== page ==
Whether it's vitamin D or omega-3, there are a wide variety of nutrients that are important for healthy aging. As more evidence emerges about their benefits, an increasing number of older adults are turning to nutritional supplements to get the proper amount of vitamins, but should they? Some experts say the answer isn't always yes, according to WebMD.
Donald B. McCormick, a professor of biochemistry at Emory University, says that most seniors are able to get their nutritional needs through dietary choices rather than supplements. In fact, he recently published an analysis of a dozen studies and found that supplement use is often not necessary and could cause harm in some cases. Not only that, but he suggests that seniors who have a good diet likely have no need for supplements.
"If you are still eating fairly well, you are getting more micronutrients than you probably really need to function as well as you can," he told the website.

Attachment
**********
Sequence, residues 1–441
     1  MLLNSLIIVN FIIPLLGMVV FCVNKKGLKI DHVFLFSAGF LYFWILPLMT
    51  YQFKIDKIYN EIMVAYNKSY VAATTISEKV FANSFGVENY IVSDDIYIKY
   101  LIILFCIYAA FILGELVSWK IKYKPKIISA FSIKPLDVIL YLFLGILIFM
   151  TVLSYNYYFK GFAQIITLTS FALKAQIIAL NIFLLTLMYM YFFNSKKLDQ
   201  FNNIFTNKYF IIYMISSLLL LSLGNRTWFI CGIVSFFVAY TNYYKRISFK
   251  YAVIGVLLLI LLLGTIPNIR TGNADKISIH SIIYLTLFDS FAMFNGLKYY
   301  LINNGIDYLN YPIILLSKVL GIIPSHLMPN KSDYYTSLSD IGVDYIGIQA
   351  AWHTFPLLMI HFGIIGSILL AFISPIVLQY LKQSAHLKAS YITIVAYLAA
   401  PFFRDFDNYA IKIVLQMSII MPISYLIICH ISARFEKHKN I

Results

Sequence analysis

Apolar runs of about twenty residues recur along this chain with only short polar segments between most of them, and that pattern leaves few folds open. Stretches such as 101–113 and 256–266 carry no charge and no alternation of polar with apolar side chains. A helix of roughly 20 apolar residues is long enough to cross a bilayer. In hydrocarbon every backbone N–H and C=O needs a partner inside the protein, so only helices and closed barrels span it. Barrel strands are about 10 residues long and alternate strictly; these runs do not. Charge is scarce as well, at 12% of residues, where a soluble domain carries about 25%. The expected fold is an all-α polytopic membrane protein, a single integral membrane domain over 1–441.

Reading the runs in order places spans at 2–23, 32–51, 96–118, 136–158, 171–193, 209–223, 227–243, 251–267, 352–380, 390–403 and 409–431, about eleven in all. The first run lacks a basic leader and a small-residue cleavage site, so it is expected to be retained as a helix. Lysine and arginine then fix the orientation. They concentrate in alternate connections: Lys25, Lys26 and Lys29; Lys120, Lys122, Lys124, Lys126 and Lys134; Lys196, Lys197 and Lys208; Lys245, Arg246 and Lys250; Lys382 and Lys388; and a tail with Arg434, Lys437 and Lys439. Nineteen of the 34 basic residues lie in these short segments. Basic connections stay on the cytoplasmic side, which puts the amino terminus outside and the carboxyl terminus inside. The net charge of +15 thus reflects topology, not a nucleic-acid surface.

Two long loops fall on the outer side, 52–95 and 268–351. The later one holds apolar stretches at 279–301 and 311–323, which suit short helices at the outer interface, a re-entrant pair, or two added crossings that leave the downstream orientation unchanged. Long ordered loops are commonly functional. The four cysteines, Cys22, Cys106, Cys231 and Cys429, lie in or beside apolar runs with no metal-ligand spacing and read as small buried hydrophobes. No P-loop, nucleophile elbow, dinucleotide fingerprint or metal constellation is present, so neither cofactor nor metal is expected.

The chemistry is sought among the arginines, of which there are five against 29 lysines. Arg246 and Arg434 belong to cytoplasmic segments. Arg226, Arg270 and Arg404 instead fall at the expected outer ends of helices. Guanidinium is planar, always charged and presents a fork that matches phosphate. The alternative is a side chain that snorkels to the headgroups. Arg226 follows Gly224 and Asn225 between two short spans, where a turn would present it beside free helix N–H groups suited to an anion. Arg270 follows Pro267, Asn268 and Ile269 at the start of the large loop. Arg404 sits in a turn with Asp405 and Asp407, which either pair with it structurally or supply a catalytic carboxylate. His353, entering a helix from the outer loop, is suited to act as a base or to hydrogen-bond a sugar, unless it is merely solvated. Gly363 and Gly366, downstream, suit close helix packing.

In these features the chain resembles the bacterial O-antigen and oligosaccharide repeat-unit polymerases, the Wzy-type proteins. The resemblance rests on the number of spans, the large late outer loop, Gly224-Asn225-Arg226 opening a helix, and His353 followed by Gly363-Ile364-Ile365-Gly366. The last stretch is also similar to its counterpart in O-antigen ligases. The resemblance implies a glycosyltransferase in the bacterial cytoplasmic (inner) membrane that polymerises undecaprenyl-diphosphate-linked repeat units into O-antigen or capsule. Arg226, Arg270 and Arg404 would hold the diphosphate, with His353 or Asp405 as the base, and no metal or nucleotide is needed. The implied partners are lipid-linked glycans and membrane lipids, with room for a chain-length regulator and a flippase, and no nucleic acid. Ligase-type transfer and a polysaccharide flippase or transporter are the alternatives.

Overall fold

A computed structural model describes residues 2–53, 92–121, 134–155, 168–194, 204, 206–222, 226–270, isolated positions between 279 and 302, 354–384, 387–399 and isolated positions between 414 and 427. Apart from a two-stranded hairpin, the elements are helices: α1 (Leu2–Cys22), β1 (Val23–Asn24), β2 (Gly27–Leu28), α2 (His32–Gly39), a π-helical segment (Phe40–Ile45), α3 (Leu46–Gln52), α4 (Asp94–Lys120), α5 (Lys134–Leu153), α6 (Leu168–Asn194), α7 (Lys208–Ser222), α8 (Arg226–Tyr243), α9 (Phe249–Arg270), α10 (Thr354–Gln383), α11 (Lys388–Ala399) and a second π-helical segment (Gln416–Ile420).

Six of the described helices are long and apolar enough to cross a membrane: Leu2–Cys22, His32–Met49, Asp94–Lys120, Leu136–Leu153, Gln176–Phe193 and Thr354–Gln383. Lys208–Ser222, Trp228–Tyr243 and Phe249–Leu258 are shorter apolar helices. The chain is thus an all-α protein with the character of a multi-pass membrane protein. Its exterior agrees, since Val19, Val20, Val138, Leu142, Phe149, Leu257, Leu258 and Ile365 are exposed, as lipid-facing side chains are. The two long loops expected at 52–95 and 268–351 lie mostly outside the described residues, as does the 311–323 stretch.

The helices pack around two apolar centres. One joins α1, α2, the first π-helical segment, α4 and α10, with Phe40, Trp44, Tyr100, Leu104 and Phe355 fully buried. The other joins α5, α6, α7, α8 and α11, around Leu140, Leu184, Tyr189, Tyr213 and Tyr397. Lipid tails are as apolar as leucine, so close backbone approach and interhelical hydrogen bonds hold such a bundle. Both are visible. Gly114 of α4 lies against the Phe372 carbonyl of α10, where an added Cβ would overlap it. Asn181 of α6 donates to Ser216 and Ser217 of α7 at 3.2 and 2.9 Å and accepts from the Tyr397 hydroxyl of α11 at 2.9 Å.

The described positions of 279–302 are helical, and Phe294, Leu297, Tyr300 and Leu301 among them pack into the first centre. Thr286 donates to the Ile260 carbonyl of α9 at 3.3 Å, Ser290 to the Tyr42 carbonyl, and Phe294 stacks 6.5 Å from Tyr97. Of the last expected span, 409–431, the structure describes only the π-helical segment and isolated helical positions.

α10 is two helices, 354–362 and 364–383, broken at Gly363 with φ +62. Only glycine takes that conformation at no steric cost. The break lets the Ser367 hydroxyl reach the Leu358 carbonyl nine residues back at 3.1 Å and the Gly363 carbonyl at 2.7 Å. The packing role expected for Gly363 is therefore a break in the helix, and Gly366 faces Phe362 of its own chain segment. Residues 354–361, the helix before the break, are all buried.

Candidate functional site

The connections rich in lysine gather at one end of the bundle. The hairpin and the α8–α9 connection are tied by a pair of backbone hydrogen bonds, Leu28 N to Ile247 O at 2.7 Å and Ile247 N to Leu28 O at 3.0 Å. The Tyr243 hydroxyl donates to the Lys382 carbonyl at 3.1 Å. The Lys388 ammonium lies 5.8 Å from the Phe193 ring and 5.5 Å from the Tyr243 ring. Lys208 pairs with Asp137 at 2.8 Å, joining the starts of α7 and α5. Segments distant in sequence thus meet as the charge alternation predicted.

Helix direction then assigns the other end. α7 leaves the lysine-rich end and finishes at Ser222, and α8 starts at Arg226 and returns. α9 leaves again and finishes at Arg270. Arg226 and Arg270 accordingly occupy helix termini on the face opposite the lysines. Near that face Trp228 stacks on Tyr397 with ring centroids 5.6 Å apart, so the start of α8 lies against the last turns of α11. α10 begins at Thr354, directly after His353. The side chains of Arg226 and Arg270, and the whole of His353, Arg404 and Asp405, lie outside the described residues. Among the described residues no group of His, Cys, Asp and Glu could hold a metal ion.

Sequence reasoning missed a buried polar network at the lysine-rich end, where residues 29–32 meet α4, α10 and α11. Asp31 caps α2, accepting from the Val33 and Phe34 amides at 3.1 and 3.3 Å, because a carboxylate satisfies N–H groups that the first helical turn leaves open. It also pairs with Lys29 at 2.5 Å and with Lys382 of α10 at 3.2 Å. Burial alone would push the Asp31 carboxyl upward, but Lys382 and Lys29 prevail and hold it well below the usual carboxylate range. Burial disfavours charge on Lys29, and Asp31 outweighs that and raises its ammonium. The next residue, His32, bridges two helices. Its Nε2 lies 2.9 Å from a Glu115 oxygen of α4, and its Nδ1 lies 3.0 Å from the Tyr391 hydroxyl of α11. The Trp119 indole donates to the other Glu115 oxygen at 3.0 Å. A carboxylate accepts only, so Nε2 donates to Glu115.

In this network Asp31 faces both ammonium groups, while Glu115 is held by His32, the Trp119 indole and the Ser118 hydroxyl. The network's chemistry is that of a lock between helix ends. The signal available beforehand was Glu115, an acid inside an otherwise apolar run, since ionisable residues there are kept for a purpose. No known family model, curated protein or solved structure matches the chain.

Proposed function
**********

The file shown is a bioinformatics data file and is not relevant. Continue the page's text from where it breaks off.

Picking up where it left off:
McCormick does concede that there are some instances where supplements are a good option. Specifically, seniors who may have trouble cooking or eating are good candidates. However, he maintains that natural sources of vitamins should always be the first choice.
The recommendation raises the question of what the smartest food choices for seniors are. According to the National Institute on Aging, older adults should make a point to purchase fat-free dairy products such as 1 percent milk and fat-free yogurt to provide them with good sources of calcium. Additionally, a diet rich in vegetables - especially broccoli, spinach and tomatoes - can help older adults get the nutrients they need without supplements.